The scolding behavior spread over a kilometer from the original capture sites and persisted for at least five years. A follow-up study using PET scans, published a year later in Proceedings of the National Academy of Sciences, showed that when captured crows saw the threatening mask, the same parts of their brains were activated that light up in human’s brains in response to fear-based learning. Still, a grudge like this probably isn’t the same as the ones we keep.

Because, honestly, we’re usually a lot pettier and not in actual danger. In crows, this behavior shows that they can alert each other to threats in their environment, which is important for avoiding predators and raising their young. Still, if you’re planning to visit Seattle, maybe avoid wearing a mask.

We warned you. All kinds of studies have shown that humans don’t do well in isolation. Loneliness increases our risk for all sorts of things, including infections and depression.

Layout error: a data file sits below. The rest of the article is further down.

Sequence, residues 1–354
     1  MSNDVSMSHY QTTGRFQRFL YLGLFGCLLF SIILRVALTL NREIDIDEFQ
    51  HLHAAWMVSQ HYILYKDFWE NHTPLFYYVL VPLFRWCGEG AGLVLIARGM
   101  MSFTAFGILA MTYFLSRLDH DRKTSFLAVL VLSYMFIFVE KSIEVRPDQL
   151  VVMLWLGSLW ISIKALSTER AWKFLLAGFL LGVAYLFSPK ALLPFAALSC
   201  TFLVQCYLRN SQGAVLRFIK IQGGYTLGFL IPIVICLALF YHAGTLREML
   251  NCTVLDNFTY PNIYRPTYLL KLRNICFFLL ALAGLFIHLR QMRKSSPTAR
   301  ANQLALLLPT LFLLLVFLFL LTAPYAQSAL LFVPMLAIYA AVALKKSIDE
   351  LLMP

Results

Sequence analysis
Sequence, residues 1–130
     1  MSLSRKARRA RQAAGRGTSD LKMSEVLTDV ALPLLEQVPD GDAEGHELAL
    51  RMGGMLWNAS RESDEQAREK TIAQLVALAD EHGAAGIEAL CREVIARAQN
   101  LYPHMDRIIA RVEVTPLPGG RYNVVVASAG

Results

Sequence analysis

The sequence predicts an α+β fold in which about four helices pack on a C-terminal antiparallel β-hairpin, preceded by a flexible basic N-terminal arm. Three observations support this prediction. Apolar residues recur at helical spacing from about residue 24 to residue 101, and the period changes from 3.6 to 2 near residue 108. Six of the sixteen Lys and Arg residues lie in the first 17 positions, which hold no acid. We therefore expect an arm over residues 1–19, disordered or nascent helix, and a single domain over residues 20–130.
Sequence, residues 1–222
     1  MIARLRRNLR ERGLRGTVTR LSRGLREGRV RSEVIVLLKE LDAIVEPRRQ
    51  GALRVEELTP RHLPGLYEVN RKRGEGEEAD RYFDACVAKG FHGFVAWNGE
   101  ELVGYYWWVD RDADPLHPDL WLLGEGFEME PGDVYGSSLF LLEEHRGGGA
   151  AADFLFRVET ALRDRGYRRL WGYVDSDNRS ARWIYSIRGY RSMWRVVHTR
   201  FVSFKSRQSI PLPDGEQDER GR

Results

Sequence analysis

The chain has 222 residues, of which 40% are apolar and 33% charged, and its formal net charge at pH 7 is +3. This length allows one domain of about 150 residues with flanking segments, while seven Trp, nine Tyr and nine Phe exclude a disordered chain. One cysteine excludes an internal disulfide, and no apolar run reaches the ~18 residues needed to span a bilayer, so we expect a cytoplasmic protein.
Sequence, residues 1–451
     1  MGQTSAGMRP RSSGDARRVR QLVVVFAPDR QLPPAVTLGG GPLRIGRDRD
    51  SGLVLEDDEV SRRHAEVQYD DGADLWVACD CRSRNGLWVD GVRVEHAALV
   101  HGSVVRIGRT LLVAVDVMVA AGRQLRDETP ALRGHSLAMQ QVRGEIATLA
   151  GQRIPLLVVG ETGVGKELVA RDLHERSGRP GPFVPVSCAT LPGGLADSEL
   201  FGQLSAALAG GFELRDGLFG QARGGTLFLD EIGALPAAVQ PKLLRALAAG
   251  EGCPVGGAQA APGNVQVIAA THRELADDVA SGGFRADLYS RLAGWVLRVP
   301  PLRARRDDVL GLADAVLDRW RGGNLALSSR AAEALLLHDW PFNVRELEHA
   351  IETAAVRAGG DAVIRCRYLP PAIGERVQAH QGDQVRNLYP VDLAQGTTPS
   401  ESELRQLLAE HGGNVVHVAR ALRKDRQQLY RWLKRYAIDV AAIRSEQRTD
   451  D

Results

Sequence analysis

And, as it turns out, cows are better when they have friends, too. On a typical dairy farm, calves are separated from their mothers shortly after they’re born, then are housed alone for eight to ten weeks while they’re weaned. This is supposed to slow down the spread of disease between individual cattle, which can be a problem when you’ve got a lot of animals sharing limited space.

But scientists also noticed that cows raised alone tend to be more awkward and anxious when they joined a herd. So they came up with two experiments to compare calves housed alone with those raised in pairs, and their results were published in 2014 in PLOS ONE. In the first experiment, eighteen baby cows were confronted with a Y-shaped maze with a white box in one arm and a black box in the other.

The scientists taught the calves to expect full bottles of milk in only one color box, then switched it around to see how long it would take for them to catch on. And the calves that were raised with a buddy were quicker to figure it out than the loners. In the second experiment, researchers showed those calves a red plastic bin eight times over a couple of days, letting them interact with it for up to five minutes.